Breach of Contract

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What is Breach of Contract?- Definition

Breach of contract is a legal cause of action and a type of civil wrong, in which a binding agreement or bargained-for exchange is not honored by one or more of the parties to the contract by non-performance or interference with the other party’s performance. A breach occurs when a party to a contract fails to fulfill its obligation(s), whether partially or wholly, as described in the contract, or communicates an intent to fail the obligation or otherwise appears not to be able to perform its obligation under the contract. Where there is a breach of contract, the resulting damages will have to be paid by the party breaching the contract to the aggrieved party.

Understanding Breach of Contract

A contract case usually comes before a judge because one or both parties claim that the contract was breached. A breach of contract is a failure, without legal excuse, to perform any promise that forms all or part of the contract. This includes failure to perform in a manner that meets the standards of the industry or the requirements of any express warranty or implied warranty, including the implied warranty of merchantability.

When a party claims a breach of contract, the judge must answer to the following questions:

  1. Did a contract exist? 
  2. If so, what did the contract require of each of the parties?
  3. Was the contract modified at any point? 
  4. Did the claimed breach of contract occur?
  5. If so, was the breach material to the contract
  6. Does the breaching party have a legal defense to enforcement of the contract
  7. What damages were caused by the breach?

Key Takeaways

  • A breach of contract occurs when one party in a binding agreement fails to deliver according to the terms of the agreement.
  • A breach of contract can happen in both a written and an oral contract.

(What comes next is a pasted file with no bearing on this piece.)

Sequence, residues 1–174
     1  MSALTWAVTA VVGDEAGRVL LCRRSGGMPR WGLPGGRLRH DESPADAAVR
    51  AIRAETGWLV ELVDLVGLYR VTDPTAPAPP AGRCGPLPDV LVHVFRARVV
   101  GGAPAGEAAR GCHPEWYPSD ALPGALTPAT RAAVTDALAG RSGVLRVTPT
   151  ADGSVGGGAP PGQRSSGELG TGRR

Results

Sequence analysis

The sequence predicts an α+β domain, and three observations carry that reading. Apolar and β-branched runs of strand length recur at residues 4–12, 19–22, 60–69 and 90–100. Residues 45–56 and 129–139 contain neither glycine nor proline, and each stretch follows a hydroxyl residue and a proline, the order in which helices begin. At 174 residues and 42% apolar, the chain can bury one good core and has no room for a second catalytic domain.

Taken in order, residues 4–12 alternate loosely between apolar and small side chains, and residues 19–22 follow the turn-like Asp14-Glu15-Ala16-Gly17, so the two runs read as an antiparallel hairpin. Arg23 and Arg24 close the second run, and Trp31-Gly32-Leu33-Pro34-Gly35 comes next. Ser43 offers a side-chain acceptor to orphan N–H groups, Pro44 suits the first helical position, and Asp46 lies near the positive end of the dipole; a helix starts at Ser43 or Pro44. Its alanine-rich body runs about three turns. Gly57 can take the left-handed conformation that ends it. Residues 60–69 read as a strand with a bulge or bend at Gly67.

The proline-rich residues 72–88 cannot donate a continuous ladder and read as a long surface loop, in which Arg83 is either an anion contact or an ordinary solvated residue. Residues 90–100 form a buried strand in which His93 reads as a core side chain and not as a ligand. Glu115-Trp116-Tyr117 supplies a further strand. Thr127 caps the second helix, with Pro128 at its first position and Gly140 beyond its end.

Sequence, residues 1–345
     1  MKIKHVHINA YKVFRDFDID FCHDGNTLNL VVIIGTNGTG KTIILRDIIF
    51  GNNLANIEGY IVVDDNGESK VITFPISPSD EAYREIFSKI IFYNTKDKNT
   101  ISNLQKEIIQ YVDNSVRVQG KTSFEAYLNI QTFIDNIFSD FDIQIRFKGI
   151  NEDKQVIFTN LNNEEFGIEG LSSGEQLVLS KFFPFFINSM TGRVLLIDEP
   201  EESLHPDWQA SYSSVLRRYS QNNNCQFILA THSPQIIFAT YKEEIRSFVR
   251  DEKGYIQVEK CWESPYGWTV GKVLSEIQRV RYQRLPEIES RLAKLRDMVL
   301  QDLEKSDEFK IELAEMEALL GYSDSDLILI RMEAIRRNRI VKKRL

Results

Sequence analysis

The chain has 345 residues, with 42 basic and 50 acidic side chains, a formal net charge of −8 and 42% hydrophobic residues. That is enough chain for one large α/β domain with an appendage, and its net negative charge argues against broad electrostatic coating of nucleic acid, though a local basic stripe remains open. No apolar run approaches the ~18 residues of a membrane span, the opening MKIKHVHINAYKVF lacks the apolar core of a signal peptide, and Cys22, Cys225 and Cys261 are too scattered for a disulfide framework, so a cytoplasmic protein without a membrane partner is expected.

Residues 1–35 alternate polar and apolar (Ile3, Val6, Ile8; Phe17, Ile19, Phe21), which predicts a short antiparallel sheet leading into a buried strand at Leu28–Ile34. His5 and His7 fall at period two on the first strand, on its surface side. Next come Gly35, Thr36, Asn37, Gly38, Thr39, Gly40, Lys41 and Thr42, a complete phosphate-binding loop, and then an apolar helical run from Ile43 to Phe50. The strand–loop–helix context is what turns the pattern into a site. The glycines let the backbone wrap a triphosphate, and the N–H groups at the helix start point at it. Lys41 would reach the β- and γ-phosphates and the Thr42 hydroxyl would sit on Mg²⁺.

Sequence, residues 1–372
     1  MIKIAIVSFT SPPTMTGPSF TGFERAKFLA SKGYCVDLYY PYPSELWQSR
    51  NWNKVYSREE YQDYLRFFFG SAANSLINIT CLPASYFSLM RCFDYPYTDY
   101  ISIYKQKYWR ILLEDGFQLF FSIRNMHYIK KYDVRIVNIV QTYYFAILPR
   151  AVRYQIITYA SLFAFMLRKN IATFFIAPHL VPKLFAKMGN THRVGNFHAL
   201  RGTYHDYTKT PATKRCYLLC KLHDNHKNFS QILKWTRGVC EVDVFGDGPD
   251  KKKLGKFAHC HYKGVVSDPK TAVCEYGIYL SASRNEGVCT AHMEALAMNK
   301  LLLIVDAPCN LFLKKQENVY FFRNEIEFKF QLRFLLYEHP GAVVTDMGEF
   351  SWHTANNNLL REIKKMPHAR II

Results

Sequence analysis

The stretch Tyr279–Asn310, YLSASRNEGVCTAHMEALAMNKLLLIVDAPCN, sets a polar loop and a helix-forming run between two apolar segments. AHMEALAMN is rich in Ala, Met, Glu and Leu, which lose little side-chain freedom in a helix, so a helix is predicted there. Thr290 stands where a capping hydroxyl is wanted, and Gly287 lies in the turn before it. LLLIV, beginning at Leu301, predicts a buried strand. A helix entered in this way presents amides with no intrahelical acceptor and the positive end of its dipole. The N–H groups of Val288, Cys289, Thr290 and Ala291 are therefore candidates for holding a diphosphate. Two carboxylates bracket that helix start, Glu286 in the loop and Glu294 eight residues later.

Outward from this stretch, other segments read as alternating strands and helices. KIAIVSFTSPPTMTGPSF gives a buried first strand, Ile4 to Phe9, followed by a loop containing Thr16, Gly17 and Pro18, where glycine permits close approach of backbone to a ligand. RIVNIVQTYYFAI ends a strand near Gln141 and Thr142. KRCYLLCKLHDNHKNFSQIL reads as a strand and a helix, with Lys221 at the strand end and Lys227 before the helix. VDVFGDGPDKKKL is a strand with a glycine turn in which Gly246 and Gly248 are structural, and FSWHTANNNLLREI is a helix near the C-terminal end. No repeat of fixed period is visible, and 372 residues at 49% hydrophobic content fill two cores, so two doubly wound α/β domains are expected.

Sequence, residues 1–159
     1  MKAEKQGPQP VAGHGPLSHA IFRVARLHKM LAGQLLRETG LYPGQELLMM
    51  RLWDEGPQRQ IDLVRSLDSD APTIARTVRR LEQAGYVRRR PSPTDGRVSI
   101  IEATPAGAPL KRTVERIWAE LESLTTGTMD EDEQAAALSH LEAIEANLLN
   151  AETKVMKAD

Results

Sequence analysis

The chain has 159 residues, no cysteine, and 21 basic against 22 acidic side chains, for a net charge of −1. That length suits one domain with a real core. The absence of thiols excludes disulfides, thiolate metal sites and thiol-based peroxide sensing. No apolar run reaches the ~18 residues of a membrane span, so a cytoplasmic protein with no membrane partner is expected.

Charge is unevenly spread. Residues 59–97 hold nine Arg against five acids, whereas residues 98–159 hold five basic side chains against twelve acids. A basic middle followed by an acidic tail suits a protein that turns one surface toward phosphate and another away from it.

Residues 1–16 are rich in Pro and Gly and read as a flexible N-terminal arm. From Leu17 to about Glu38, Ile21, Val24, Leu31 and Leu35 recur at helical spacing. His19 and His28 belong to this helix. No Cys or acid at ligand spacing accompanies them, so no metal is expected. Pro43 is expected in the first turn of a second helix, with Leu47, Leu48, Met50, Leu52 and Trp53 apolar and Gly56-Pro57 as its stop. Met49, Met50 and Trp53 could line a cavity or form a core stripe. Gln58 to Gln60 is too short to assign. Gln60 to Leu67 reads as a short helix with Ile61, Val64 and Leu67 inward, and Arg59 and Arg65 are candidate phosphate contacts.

• The parties involved in a breach of contract may resolve the issue among themselves, or in a court of law.
  • There are different types of contract breaches, including a minor or material breach and an actual or anticipatory breach.

Types of Contract Breaches

One may think of a contract breach as either minor or material. A "minor breach" happens when you don't receive an item or service by the due date. For example, you bring a suit to your tailor to be custom fit. The tailor promises (an oral contract) that they will deliver the adjusted garment in time for your important presentation, but in fact, they deliver it a day later.

A "material breach" is when you receive something that is different from what was stated in the agreement. Say, for example, that your firm contracts with a vendor to deliver 200 copies of a bound manual for an auto industry conference. But when the boxes arrive at the conference site, they contain gardening brochures instead.

Further, a breach of contract generally falls under one of two categories: an "actual breach"—when one party refuses to fully perform the terms of the contract—or an "anticipatory breach"—when a party states in advance that they will not be delivering on the terms of the contract.

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